How are you preparing for Bill 168 — Ontario’s new workplace violence and harassment law?
Mar 22, 2010
By Stuart Rudner
As employers are well aware, Bill 168 — Ontario’s new workplace violence and harassment legislation —will come into force in June of this year. Unlike most new pieces of legislation impacting human resources, Bill 168 creates numerous obligations on the part of employers. In other words, it will not be wise for organizations to simply sit back and wait to see how things play out, or plan to respond if and when an issue arises. This piece of legislation requires action, and provides for penalties in the absence thereof.
Recent years have seen an increased focus on safety at work. Bill 168 takes the existing rules a step further by, among other things, addressing the potential for workplace violence. The impetus for this change was largely the Hotel Dieu case, in which a registered nurse in Windsor, Ont., was murdered by a colleague and former lover while carrying out her duties. A subsequent report identified no less than 16 risk factors that existed and numerous missed opportunities for intervention.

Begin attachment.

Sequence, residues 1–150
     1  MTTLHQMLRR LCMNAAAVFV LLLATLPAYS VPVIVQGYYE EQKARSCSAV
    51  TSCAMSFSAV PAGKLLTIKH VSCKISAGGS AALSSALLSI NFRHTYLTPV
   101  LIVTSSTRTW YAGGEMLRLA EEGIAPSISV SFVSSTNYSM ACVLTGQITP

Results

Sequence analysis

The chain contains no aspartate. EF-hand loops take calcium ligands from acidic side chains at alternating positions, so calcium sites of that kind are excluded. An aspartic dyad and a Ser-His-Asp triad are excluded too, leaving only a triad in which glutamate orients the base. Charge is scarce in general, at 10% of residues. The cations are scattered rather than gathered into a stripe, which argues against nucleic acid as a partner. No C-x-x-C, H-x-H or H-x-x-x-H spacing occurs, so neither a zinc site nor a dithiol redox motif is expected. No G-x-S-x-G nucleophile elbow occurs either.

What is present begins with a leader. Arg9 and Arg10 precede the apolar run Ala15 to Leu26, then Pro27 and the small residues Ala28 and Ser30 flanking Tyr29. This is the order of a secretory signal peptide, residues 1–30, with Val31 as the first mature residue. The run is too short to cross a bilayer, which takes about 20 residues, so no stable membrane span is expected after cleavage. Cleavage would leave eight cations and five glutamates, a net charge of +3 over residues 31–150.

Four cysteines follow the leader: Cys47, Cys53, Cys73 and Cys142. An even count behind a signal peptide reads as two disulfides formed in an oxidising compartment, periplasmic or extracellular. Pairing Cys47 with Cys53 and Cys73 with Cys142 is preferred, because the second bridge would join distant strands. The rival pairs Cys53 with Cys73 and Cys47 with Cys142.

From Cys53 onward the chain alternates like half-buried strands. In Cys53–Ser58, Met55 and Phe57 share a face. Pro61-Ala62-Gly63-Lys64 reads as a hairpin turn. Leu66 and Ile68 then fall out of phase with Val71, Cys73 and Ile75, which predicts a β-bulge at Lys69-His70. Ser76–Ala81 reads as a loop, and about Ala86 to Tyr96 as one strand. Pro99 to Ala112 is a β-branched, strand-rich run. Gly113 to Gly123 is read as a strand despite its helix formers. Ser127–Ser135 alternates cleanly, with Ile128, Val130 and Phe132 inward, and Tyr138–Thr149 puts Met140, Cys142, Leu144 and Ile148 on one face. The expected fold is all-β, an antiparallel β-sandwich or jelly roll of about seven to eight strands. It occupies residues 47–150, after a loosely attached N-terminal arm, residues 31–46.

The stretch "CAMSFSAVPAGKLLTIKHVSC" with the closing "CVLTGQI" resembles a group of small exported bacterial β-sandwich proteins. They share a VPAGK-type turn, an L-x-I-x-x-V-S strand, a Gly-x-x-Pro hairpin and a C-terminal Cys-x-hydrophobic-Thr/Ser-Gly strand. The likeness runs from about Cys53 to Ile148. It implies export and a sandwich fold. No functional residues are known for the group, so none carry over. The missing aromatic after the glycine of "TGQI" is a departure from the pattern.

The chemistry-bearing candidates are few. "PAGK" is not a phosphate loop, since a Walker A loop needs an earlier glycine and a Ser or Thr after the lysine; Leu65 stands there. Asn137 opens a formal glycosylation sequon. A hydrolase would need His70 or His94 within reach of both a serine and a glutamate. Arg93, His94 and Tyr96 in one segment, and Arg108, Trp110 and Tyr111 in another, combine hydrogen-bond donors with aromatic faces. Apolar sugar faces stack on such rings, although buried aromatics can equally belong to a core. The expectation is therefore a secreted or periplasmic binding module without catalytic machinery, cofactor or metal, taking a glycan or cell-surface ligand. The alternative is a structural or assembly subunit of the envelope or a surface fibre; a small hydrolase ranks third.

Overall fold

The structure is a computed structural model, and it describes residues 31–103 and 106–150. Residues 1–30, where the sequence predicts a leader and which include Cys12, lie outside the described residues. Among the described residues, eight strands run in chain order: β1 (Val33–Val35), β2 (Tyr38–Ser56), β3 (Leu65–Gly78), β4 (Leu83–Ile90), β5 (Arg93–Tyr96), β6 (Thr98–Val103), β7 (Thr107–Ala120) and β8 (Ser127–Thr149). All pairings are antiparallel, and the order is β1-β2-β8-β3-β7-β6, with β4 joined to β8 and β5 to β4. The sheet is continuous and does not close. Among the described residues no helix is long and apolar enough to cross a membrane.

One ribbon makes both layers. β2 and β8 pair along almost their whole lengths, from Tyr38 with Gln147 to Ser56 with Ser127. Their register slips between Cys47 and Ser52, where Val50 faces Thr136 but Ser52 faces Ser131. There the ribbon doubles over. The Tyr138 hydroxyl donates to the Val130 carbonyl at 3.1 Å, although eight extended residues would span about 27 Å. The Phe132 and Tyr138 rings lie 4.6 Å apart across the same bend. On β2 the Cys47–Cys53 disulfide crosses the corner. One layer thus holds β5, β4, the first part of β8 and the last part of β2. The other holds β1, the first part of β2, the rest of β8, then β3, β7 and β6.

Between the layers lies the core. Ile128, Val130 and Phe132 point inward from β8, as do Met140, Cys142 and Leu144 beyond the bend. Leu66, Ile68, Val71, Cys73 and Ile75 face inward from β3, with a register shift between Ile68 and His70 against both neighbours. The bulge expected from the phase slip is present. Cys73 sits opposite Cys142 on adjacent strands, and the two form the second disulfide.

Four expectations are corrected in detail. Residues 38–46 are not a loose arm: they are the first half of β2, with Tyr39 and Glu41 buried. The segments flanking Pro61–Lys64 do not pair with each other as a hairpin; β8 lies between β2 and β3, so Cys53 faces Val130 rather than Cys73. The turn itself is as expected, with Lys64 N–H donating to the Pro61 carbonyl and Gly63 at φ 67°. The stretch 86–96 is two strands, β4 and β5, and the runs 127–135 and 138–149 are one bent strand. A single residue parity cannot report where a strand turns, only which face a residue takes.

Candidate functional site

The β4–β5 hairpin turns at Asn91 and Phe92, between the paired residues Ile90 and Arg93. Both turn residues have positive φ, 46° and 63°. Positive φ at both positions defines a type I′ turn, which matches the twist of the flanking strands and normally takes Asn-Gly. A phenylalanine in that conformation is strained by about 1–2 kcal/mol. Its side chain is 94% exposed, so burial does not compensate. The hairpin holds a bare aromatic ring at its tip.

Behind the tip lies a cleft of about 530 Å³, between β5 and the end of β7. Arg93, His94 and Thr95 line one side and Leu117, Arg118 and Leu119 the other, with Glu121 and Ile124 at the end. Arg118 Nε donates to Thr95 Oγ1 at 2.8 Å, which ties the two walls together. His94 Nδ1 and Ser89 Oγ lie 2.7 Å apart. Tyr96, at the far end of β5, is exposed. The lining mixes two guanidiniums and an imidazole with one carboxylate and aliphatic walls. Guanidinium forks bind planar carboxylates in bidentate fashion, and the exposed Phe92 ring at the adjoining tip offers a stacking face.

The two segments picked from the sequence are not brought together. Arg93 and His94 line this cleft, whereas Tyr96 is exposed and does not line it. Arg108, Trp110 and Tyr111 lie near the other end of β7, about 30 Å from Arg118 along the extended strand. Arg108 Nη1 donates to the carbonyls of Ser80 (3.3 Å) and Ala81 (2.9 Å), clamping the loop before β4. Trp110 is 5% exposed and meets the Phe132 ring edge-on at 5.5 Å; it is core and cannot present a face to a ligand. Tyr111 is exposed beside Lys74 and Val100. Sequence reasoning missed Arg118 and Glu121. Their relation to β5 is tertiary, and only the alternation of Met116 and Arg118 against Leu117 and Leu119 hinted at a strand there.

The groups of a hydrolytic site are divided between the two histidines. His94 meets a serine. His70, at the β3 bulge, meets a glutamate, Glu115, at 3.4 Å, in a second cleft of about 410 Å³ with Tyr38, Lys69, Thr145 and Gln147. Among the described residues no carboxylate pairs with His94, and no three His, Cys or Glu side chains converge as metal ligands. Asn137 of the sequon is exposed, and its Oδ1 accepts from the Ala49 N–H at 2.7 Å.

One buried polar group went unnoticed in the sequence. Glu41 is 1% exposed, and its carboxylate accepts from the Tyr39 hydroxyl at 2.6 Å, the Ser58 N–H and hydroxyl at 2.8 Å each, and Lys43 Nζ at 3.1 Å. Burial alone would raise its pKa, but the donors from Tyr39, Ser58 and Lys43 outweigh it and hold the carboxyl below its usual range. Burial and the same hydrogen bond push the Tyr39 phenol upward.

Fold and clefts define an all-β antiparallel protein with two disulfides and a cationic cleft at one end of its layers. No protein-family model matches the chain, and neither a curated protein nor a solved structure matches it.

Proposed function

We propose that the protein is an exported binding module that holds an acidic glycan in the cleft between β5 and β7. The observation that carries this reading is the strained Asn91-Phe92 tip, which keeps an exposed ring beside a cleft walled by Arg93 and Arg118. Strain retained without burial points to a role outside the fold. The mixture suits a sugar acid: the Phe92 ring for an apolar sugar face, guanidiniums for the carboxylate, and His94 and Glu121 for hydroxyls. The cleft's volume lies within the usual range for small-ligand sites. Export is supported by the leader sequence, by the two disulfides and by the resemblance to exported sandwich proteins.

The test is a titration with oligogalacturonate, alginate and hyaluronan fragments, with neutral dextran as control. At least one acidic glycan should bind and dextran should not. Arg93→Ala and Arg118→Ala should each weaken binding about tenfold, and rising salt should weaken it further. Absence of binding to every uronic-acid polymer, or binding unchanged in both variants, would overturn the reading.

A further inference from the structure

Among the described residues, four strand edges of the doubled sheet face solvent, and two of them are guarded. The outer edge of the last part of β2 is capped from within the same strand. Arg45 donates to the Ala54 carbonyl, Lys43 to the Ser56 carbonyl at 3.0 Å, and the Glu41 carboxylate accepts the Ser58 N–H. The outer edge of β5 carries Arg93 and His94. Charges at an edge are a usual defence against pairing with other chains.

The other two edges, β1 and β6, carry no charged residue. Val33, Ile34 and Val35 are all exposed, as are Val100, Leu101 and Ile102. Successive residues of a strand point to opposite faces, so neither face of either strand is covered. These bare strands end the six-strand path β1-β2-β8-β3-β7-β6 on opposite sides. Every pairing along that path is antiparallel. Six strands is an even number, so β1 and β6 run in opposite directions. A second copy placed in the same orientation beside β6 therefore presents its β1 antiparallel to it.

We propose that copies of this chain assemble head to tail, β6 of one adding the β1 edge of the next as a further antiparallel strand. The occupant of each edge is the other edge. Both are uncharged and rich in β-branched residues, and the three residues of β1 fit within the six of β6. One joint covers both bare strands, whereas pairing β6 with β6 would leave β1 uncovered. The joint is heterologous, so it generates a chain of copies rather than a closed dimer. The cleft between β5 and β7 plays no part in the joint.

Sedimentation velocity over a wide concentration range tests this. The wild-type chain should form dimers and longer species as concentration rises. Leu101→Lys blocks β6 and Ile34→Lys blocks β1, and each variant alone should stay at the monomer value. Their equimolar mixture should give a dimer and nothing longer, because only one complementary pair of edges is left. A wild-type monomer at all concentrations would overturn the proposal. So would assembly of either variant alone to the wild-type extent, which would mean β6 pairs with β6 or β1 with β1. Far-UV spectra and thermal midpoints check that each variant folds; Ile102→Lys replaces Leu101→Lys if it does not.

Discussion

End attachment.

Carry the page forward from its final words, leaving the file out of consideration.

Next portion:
With this background, perhaps it’s not surprising Bill 168 requires that employers take steps in order to protect employees from, among other things, workplace violence. However, many are concerned about the requirements Bill 168 seems to impose, including the preparation of risk assessments, consideration of the potential for domestic violence, and the duty to disseminate personal information regarding those with a history of violent behaviour. It remains to be seen how some of these obligations will be reconciled with existing privacy laws.
Many employers I’ve spoken with are concerned about the lengths to which Bill 168 goes. In the hope of stimulating discussion, I invite readers to comment on Bill 168 in this blog. In particular, I would be interested in hearing whether people feel Bill 168 goes too far, or not far enough, in the protection of employees.
I would also welcome comments regarding the bill’s impact upon privacy laws, employee relations and employee morale. Finally, it would be interesting to hear how readers intend to comply with the various requirements of Bill 168.
What are your thoughts? What are you doing to prepare for Bill 168? Join the conversation by adding a comment.
Stuart Rudner is a partner in Miller Thomson’s labour and employment group in Toronto. He can be reached at (416) 595-8672 or firstname.lastname@example.org.
Jeffrey R. Smith is the editor of Canadian Employment Law Today, a publication that looks at workplace law from a business perspective.